My second point relates to the episode in my brief but eventful life that was probably the most upsetting cruel and traumatic I have experienced. I must have just turned eight and I was in my umpteenth children's home when Christmas came around. Usually the kids who had any family went home or to relatives willing and able to take them in. My previous Christmases in care had often found me to be the only child in the home on Christmas Day. On one or two occasions I was taken home by a member of staff. It was always a beautiful time and I'm truly grateful.
One Christmas there was to be a dramatic change in my life. I was to be sent home to my parents! These were parents that I didn't know, had never met .and to be honest I wasn't even sure existed. So there I was, two days before Christmas sitting in my social worker’s car at the tender age of eight. It's something I was used to because as you've seen by now it was quite a regular occurrence. The difference was that this time there was a feeling that was new to me. I think (and I stress think!) that I was looking forward to it...Jesus how wrong could I be?
We drove only a few miles I guess because we were only in the car around half an hour when we pulled up to quite a large house which stood on the corner of a large estate with gardens to both sides if it. Gardens that were strewn with bins,bin bags,old bikes and even a car behind the fence parked on what would have been the front lawn. It was minus wheels.
With trepidation we walked up the pathway. I couldn't help but notice the broken window and a lower pane in the front door cracked and painted green when the rest of the door we black.
The social worker knocked on the door we waited. We heard loud talking, possibly shouting. Someone was shouting at the dog to ‘Shut up and lie down’. I was now well and truly scared. I mean seriously scared. I heard kids shouting and after what seemed an age the door opened. A large woman stood in the doorway. “Who is she”? I thought to myself. We entered into a littered and scruffy hallway. One thing I do recall to this day was the smell of petrol or something very close.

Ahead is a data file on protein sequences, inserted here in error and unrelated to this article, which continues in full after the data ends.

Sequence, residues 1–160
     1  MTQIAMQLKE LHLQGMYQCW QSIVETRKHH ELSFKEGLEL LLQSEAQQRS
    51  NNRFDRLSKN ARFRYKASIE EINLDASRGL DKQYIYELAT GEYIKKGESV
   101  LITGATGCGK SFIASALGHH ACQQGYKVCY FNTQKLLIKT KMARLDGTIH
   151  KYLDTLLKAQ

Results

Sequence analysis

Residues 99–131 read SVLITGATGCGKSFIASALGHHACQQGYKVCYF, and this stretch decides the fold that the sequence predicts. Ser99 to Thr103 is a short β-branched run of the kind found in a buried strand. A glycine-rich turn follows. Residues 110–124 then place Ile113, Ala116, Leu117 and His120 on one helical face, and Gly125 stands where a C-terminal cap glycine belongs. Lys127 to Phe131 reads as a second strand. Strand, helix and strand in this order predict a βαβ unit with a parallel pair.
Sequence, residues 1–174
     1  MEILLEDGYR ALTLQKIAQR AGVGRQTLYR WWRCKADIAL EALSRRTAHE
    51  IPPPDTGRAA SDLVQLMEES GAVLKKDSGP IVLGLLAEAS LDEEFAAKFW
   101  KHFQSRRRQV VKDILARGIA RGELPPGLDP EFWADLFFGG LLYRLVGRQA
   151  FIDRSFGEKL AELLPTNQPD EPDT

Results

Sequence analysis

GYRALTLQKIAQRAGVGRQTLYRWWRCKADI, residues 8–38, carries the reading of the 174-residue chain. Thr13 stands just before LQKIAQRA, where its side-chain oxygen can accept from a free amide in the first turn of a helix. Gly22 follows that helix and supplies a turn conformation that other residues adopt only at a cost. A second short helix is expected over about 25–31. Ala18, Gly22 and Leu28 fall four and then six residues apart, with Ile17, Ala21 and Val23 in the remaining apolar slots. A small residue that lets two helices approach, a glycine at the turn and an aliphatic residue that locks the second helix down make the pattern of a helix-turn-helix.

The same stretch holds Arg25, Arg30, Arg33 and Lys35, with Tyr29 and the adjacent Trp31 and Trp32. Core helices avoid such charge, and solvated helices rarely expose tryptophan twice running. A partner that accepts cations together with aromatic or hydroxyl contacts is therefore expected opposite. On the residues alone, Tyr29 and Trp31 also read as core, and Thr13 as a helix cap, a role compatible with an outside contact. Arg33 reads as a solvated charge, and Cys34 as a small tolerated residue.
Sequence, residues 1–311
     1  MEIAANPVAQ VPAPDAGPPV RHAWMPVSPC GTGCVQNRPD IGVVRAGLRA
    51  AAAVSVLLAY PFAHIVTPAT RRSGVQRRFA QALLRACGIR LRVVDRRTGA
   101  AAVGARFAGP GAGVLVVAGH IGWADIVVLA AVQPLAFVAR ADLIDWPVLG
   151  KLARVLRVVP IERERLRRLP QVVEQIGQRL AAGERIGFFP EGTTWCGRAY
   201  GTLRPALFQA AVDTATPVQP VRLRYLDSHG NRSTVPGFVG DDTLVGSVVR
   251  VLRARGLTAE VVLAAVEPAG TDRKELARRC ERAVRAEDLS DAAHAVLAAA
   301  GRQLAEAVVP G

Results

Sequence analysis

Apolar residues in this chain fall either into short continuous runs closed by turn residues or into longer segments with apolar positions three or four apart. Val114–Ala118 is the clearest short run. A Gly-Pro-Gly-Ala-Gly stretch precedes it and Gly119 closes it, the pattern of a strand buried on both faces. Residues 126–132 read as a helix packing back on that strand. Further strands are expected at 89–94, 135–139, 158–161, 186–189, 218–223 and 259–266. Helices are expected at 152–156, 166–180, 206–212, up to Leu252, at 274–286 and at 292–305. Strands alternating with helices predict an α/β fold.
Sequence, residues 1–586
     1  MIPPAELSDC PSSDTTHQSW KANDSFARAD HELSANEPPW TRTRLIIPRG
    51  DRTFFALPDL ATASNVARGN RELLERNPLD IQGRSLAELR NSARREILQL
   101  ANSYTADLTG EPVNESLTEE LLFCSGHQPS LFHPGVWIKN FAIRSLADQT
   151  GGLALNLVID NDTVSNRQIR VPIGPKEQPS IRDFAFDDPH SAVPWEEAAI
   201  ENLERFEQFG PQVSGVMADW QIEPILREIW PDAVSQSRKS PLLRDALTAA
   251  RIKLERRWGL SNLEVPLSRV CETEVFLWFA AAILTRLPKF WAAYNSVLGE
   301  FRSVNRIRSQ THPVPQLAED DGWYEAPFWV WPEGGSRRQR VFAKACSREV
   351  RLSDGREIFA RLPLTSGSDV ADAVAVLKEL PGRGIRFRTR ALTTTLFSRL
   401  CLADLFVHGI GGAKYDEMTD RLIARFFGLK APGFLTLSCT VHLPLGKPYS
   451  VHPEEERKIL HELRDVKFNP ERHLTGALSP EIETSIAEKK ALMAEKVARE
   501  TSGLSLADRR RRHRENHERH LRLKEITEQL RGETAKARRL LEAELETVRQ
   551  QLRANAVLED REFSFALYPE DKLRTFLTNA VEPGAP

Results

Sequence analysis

They obviously exchanged pleasantries and the next thing I knew the social worker had gone. I was alone. The woman opened the door and gently pushed me inside. My heart sank. It almost brings me to tears to try and convey to you what happened next. The room seemed as though it was full of screaming children and a big dog.. Next thing I knew the dog came bounding toward me and pinned me up against the wall. I'm ashamed to say that I wet myself! I was so scared and worst of all, I began to cry! I don't know why but it just seemed inevitable and they laughed. They laughed at me in my best clothes short trousers (albeit they were now wet) and a blazer. They were all pointing laughing and the dog was pulled off me and pushed into the hallway.
I had a carrier bag with a present from the local steelworks with me. The steelworks always bought the kids in homes toys every Christmas. One of the kids ripped it from me, I didn't try to take it back. I was far too scared, far too traumatised, by what was happening and worse of all was what was going to happen.